Don’t be surprised if, as an initial step, the coaches have the ability to challenge personal fouls.  Eventually, that could expand to other types of currently non-reviewable calls.

UPDATE 1:17 p.m. ET 9/29/14:  NFL Network reported earlier on Sunday that personal fouls could become reviewable in 2015.  While the report lacked some of the details mentioned above, including the likelihood that personal fouls will be reviewed only by coach’s challenge and not automatically, the NFLN report served as the starting point for our reporting.  So I should have mentioned the NFL Network report last night, even though NFLN, ESPN, FOX, CBS, and the Associated Press routinely use our reports as the starting point for their own reporting without giving us proper credit.  We’ve always tried to apply a higher standard than the standard that is applied to PFT.  On Sunday night, I failed to do that.

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Dennis Allen says he’s not worried, but report says he’s fired

dennisallen AP

After his team dropped to 0-4 with a blowout loss to the Dolphins in London, Raiders coach Dennis Allen said he’s going to stay the course. Even amid talk that today’s game could be his last.

Allen said after the game that he’s not worried about losing his job and expects to remain the head coach.

But Allen may simply be in the dark about the plans of Raiders owner Mark Davis. In fact, Terry Collins of the Associated Press tweeted on Sunday night that Allen is fired and an announcement could come as soon as Tuesday. There was no elaboration on that report, and it raises some questions — including why the Raiders would wait until Tuesday to make the announcement if the firing has already happened. About 45 minutes after he tweeted the news, Collins deleted the tweet without explanation.

Collins apparently decided not to stand behind his reporting, but it wouldn’t be surprising if Allen does get fired. In fact, it’s been reported for weeks that the Raiders could fire Allen during their bye this week and hand the job over on an interim basis to assistant coach Tony Sparano.

Several Raiders players were asked after the game whether they think Allen’s job is safe, and most of them said they didn’t know. Right now, no one knows, except for maybe Mark Davis. And he isn’t saying anything publicly. At least not yet.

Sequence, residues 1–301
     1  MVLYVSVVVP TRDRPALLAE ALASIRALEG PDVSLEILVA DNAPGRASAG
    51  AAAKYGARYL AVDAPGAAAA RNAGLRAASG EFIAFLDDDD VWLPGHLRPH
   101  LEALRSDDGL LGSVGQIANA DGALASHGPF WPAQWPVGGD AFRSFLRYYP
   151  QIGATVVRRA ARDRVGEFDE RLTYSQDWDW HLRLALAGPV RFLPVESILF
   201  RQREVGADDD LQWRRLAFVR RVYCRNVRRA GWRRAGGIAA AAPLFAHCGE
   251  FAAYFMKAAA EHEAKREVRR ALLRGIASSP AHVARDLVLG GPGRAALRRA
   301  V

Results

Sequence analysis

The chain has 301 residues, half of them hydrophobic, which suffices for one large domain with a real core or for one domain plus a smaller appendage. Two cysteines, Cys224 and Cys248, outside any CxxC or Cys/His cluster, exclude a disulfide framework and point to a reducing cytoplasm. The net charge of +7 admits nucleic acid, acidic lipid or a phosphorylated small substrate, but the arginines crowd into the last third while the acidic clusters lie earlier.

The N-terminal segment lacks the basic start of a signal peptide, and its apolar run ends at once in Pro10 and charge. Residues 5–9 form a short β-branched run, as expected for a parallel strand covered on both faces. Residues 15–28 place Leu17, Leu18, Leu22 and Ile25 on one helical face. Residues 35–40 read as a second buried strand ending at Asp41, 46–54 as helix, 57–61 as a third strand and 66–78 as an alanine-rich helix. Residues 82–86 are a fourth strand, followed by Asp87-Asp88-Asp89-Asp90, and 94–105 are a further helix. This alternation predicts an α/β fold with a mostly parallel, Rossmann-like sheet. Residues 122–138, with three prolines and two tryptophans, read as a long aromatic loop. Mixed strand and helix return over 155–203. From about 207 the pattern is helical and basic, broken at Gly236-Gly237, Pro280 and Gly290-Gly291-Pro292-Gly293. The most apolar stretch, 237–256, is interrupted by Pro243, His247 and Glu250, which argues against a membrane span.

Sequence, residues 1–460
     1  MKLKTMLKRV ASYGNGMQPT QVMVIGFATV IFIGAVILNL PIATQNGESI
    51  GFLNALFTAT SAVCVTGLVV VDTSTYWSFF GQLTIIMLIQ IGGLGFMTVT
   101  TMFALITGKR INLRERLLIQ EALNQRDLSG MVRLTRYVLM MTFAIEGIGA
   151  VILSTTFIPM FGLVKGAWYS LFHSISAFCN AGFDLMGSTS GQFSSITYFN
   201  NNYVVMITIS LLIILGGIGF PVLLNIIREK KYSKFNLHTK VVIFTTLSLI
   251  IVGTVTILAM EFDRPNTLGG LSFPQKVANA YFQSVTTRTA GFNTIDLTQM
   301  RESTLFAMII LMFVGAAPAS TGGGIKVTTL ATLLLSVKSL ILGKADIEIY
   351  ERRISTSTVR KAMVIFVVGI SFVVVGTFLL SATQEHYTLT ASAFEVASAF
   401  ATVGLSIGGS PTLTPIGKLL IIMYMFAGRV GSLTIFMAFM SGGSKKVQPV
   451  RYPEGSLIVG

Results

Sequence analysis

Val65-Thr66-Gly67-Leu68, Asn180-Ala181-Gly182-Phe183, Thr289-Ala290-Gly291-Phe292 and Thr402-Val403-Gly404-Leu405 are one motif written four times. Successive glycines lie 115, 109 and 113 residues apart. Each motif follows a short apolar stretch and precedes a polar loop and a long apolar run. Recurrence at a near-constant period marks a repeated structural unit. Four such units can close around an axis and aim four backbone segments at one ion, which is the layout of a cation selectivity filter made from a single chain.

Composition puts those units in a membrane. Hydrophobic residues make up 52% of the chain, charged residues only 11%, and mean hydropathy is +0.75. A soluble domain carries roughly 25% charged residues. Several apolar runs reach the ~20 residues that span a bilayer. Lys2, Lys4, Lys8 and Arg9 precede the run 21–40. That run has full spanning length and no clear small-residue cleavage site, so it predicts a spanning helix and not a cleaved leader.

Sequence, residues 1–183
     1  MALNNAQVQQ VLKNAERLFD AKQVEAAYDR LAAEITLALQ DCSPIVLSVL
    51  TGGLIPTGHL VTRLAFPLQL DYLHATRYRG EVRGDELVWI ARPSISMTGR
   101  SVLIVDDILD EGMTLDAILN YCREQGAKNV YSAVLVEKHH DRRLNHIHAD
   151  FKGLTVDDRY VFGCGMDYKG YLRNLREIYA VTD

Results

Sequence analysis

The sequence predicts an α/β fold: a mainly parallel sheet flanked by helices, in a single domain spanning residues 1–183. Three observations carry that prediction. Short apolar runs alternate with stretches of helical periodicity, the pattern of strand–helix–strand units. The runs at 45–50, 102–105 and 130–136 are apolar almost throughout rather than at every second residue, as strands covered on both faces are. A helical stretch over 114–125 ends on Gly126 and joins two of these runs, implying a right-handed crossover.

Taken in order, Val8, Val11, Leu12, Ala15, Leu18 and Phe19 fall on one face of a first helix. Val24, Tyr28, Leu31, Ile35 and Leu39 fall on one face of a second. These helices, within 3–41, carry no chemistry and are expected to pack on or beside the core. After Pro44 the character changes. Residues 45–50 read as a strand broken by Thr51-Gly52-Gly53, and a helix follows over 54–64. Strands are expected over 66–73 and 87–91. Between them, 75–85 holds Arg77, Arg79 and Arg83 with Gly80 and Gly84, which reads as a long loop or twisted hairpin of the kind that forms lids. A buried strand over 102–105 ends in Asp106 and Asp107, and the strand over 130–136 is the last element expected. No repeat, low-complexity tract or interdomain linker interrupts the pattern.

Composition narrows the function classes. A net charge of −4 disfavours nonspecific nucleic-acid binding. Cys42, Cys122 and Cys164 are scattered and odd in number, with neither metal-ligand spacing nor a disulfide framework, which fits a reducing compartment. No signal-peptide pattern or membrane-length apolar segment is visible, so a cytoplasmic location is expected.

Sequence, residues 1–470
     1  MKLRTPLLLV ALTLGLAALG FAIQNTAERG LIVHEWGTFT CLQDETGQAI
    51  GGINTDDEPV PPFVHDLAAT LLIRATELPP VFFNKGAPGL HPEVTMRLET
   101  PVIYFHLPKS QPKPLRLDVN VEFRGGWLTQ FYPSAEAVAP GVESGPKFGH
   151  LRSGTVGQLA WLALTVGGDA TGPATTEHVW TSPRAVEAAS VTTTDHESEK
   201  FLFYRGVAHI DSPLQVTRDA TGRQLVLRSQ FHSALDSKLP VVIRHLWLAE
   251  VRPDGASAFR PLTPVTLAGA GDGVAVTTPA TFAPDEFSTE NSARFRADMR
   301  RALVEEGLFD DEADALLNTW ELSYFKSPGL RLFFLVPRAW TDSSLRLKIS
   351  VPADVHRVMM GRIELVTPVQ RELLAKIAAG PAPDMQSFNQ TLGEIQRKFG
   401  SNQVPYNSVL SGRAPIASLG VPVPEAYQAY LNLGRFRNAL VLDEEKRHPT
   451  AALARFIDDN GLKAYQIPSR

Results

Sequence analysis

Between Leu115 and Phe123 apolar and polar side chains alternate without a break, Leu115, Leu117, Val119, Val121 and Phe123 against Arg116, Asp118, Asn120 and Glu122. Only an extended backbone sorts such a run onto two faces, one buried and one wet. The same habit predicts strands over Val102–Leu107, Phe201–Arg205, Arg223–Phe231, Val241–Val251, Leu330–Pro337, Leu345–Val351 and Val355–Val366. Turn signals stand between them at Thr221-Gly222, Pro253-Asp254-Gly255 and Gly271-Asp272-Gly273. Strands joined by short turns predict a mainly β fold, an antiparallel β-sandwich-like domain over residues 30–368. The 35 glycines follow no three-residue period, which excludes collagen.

UPDATE: The AP reporter has retracted his report.

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Cowboys rolling, up 24-0 at halftime over Saints

New Orleans Saints v Dallas Cowboys Getty Images

Break up the Cowboys.

Not only is Tony Romo healthy and spreading the ball around, but the Cowboys are making plays on both sides of the ball, and they lead the Saints 24-0 at halftime of Sunday Night Football.

Terrance Williams has a pair of touchdown receptions, and they’re basically making it look easy on offense, with 290 totals yards at the break.

But the Cowboys are actually playing some defense, too, limiting the Saints to 114.

With a number of injured starters back (including pass-rusher Anthony Spencer making his first appearance in a year), the Cowboys are actually playing competent defense.

The Justin Durant interception (off a Bruce Carter tip) was the highlight, but they’re playing the Saints solidly.

New Orleans is also dealing with some injuries, as left tackle Terron Armstead is out for the rest of the game with a concussion.

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X-rays negative, Bridgewater heads for MRI

Bridgewater Getty Images

Vikings quarterback Teddy Bridgewater sprained ankle on Sunday against the Falcons in his first career start.  X-rays were negative, as Peter King of noted during Football Night in America.

Next up, an MRI.

Per a league source, the MRI is being conducted tonight.  It’ll give the Vikings a clearer picture as to whether Bridgewater will be available when the Vikings face the Packers in only four nights, on Thursday Night Football.

Bridgewater completed 19 of 30 passes for 317 yards.  He added 27 yards on the ground, including a 13-yard touchdown run.

If Bridgewater can’t play on Thursday night, Christian Ponder will get the start for the 2-2 Vikings.  The Vikings have no other quarterbacks on the roster.

And it’s not as if plenty of experienced quarterbacks are hanging around right now.